39. “does the school care whether it’s an antigen test or a PCR test?”

    PCR only. Testing done no later than 1/15, submitted by 1/19, move-in I think no earlier than 3-4 days after submission. Plus two-week quarantine before returning to campus and logging in to their health tracker daily during that 14 days. Oh, and a flu shot.

    Not quite sure how all of their deadlines are going to mesh, given that classes start 1/25, and in the past they have required specific check-in times, and everyone is going to want Saturday (no word yet on times this semester). But they have already declared that anyone who doesn’t meet all the requirements upon return gets to stay in the quarantine hotel until they do. And everyone hated the quarantine hotel, so it sounds like they have picked an excellent way to motivate the kids. ;-)

    DD: My DD still sends me pics of adorable rescue kittens she wants to adopt — and then when I say no argues that our rescue three-legged wonder cat was *my* cat, not hers, and hers died, and so she *deserves* a new one. I tell her to get an apartment and a job, and she can have as many cats as she wants. ;-)

  40. Where’s J-M been? or, for the francophones, Ou est J-M? (yeah, I know there’s supposed to be an accent over the u, but I’m not changing to a french keyboard).

  41. My office still has 4 years left on a lease. I imagine by 2025 most people will be back in the office. We have several new people that have been hired since March. They all say that they’d love to be in the office because the video calls and emails among our group aren’t enough, but I think that is industry specific. Their onboarding is going slower than we normal see, mainly because the thinking out loud/quick questions a new employee has just isn’t asked.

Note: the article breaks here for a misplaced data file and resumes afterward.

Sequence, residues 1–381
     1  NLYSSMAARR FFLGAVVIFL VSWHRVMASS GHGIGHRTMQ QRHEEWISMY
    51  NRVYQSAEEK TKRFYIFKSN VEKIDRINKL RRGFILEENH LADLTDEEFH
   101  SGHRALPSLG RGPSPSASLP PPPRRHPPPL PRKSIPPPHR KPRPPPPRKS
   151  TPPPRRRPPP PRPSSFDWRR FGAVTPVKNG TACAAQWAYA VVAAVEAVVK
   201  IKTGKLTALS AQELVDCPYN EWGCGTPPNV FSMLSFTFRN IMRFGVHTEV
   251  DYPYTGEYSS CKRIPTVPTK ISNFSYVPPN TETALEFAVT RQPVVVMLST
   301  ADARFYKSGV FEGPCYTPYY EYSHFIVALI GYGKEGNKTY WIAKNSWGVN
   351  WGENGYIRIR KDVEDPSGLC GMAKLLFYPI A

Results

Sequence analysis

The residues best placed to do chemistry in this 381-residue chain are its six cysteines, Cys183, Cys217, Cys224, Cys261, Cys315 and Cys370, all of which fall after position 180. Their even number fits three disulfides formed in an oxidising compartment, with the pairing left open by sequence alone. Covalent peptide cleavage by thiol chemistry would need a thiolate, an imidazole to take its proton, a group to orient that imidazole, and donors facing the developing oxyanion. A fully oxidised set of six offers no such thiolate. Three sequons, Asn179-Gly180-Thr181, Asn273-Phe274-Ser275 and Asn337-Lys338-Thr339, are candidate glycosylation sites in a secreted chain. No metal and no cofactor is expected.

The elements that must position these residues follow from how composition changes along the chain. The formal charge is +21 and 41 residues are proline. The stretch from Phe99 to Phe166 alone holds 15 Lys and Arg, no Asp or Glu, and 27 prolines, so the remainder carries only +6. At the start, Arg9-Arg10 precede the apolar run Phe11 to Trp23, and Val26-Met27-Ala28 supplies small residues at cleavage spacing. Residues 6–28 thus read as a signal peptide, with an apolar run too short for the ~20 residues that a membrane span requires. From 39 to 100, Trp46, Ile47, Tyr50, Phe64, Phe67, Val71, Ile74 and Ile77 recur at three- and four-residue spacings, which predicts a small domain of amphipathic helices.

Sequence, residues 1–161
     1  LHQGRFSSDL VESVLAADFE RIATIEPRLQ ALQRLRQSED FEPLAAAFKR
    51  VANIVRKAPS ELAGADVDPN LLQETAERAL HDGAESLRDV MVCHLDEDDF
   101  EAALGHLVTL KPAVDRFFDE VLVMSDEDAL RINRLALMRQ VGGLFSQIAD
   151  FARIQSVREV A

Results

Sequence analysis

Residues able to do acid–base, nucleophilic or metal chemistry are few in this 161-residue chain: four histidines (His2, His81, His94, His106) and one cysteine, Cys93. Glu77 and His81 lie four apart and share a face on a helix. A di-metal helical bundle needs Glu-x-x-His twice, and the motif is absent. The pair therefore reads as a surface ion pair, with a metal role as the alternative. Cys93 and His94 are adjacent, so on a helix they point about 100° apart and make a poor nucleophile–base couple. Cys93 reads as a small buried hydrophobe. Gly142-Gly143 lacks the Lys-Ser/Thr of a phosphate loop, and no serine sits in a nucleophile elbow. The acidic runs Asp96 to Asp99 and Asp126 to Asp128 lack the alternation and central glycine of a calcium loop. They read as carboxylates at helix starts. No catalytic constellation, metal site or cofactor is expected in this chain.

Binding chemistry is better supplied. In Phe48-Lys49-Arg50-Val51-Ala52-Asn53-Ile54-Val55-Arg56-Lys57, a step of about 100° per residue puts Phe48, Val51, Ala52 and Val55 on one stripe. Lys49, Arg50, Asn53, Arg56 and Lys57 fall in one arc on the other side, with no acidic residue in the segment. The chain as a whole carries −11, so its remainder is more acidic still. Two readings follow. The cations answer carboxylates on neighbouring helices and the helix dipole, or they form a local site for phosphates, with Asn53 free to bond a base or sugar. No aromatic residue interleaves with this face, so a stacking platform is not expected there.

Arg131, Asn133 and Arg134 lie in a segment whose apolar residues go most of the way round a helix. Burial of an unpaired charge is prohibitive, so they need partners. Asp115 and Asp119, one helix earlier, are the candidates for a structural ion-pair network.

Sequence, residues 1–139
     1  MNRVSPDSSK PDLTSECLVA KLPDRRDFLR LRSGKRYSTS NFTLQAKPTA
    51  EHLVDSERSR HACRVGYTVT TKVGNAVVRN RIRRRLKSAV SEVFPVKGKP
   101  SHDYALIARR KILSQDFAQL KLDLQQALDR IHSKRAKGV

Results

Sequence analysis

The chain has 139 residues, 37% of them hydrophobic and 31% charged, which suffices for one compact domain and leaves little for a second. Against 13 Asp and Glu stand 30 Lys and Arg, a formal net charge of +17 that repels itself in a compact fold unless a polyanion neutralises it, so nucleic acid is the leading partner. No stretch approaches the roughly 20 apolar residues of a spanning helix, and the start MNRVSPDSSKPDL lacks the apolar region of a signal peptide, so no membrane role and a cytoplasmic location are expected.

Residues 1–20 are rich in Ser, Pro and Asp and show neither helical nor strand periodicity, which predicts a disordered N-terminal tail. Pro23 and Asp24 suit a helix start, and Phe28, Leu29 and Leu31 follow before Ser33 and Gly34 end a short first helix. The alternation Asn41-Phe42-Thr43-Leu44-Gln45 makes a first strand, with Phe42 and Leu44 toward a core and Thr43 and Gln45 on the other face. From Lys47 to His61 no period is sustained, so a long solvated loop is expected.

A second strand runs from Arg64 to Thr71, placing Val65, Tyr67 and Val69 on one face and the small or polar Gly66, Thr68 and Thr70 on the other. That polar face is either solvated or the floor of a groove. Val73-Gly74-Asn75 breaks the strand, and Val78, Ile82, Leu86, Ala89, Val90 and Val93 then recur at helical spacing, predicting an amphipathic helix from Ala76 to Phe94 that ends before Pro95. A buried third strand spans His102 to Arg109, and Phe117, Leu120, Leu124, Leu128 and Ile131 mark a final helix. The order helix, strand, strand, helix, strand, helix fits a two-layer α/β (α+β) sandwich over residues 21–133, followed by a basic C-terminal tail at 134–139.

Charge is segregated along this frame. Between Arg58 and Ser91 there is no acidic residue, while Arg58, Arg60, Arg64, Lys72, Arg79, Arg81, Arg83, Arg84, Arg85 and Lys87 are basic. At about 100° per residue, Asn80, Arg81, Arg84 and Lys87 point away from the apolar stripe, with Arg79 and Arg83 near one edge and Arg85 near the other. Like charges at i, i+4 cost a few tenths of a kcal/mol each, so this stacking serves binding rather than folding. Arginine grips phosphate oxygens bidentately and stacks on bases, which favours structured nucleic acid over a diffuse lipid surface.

I work with a lot of HR people, across many industries. Most have all been working from home. They tell me that they want to be back in the office, and intend on having their employees back in the office on a regular basis, but with more flexibility than in the past.

  42. Both my kids have to get PCR tests. Oldest just got his negative result yesterday and submitted it to his school. Middle kid has more draconian requirements – test must be administered 3 days before the return and results must be available by the day of the return. They then have to quarantine for 4 days and then get another test. My university is following the same protocol for kids in housing.

  43. And I learned last night that our school district is going to start testing the kids

  44. DD, we went through something like that with my daughter a couple of years ago. She was convinced her life would be better if she had a turtle. We kept pointing out to her that turtles require a huge aquarium setup, and would make a tasty morsel for the cat. Ultimately, she got some of her friends to give her a turtle for her birthday. Now we were stuck with the dang thing. And reading about the turtle on the web, I discovered that buying these turtles as pets is strongly discouraged. Nt husband trekked the turtle back to the store where it came from and managed to convince them to take it off our hands.

  45. They tell me that they want to be back in the office,

    That’s another factor. A lot of people like being in the office. Some like a very clear division between work and home. Others like the social aspect. I would expect totebaggers, tending as they do toward introversion, might tend to underweight the social aspect.

  46. Ivy – I was 1 or 2 days in the office in the BeforeTimes and will probably return to 1 in the office post-Covid. I have far too many work clothes for this schedule! ;)

  47. I am just hoping I can get a vaccine before the fall, when we will certainly be back teaching on campus.

  48. Testing for my girls was no big deal. Their campus provides testing and the college town provides free testing for all residents. I watched DD2 schedule her test a few weeks ago. It took maybe two minutes. She lives in the dorms and gets tested twice a week.

    California has great difficulty doing anything right, but the testing regime at the kids’ college is pretty seamless and effective. I don’t understand why it can’t be scaled.